In 2000-2001 I was racing round the world on a 72’ yacht with 17 other crew members in some of the most dangerous seas trying to beat 11 other identical yachts. Our lives depended on our fellow crew members and we had to get on with them whether we liked them or not – the story is a great example of businesses and how you treat your people i.e. what works and what doesn’t work and if it doesn’t work what do you do?
We couldn’t choose which yacht we would be on nor who would be our fellow crew members – you see what I mean when I say it’s a great example of what happens in various businesses.
We were put into our crews at the Boat Show at Olympia in January 2000 and each skipper had 9 months to hone us into a mean racing team. There were people that they could call on to oversee various exercises but they were the leader and had to find a way to integrate everyone. And get us working successfully together. It was up to the skipper to ensure that we all ‘pulled’ our weight and that we could work together in the most dangerous waters on this planet no matter how we were feeling.
At times you might be working next to someone that you really did not like – tough – this was life and death and you had to get on otherwise you might lose the yacht and if you did that then you might well lose your life – not just your pay packet. Oh, by the way, we were not paid to do this – we paid £25,000 each just to get onto the yacht – that was after we had been interviewed by Chay Blyth and if he didn’t think you were the right sort of person then you didn’t get on the yacht and he had the final word.
Every single one of us wanted to be on the yacht, every single one of us was prepared to do whatever was needed to get that yacht round the world in the fastest time possible to win the Race which would take 10 months – and we raised £1m for Save the Children as we raced.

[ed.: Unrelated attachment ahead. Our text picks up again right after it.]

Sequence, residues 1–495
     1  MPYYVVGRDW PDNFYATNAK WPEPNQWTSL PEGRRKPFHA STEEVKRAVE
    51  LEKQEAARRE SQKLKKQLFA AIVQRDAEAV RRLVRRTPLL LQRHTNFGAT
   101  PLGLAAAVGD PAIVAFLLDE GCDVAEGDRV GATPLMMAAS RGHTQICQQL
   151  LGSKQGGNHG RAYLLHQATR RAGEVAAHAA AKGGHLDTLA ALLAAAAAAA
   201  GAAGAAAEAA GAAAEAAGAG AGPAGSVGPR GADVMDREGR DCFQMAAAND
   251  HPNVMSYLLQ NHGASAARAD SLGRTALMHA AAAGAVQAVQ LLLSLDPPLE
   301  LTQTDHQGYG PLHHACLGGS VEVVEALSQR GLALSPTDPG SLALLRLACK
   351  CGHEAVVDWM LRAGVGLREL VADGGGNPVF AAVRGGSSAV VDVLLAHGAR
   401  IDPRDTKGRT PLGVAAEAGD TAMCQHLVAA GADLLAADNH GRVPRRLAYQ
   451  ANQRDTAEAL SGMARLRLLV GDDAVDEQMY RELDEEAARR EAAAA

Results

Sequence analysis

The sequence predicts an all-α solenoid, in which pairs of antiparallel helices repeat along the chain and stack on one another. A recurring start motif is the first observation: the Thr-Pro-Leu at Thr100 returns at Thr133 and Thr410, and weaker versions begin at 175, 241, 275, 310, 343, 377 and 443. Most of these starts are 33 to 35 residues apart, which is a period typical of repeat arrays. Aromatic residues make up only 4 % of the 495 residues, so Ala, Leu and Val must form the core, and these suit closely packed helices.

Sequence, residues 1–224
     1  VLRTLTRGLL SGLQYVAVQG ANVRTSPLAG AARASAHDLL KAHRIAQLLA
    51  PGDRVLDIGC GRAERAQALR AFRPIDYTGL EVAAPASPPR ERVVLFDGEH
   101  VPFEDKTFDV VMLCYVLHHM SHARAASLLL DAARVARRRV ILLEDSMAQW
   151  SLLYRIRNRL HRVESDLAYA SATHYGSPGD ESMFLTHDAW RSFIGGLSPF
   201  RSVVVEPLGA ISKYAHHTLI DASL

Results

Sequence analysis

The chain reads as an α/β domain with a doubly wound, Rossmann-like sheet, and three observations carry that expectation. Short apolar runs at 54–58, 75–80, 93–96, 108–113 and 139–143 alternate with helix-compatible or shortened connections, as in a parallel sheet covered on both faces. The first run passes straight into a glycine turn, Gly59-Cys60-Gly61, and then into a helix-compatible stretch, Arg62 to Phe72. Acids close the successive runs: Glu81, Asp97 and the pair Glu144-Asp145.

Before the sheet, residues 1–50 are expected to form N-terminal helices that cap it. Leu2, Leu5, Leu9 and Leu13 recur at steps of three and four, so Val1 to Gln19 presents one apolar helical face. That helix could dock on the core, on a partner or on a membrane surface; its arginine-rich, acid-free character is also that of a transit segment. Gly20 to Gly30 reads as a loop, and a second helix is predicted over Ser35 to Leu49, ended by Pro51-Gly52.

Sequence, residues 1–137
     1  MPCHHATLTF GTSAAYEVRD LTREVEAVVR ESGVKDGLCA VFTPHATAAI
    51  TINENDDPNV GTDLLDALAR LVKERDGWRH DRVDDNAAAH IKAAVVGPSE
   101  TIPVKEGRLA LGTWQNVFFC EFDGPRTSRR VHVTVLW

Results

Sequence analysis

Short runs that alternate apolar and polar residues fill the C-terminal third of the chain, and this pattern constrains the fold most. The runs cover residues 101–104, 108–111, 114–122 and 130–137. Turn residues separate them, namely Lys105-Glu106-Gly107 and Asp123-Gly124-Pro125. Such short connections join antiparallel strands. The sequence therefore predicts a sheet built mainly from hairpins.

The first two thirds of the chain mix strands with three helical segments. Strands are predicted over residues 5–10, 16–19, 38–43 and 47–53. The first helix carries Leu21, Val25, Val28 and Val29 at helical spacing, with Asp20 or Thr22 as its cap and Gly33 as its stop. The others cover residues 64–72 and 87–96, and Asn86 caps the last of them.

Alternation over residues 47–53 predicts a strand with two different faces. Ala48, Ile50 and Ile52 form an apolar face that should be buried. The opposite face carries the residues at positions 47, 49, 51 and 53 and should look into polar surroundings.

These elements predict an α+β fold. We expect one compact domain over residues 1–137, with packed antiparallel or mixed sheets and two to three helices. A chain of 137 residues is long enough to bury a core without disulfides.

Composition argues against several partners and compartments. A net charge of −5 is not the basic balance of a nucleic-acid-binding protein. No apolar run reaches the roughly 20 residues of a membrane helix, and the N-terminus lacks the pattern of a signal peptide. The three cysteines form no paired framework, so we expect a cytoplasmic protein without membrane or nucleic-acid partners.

Everywhere we look we are being encouraged to do some good work for charity. How often do you feel guilty that you did not help someone who was begging for money? We cannot help them all – it is impossible.
Maybe we resolve to take action and deal with that nagging idea to help a neighbour or charity be it one day a month or more often. When I was married, my husband was a member of Round Table, an organisation that had fun whilst raising money for charity. I joined the female equivalent ‘Ladies Circle’ and we had great fun raising money for people less fortunate than ourselves.
At Christmas, the men made a reindeer with lights and music which they put on a trailer and drove around the area with carols blaring out – people would come to the door and we would collect money from them. This money would then be used to buy appropriate food from local shops and supermarkets which would be sorted into the carrier bags and we would then distribute them to those people who were considerably less fortunate than us.
Sometimes we feel that maybe we could do more to help other people. It is taking the first step that is sometimes hard. There are many very diverse charities and ‘soup kitchens’ that are springing up now where they are looking for people to help them collect left over food from supermarkets, go and talk to a neighbour who cannot get out, or to work in their shop.
What organisation could you join to help?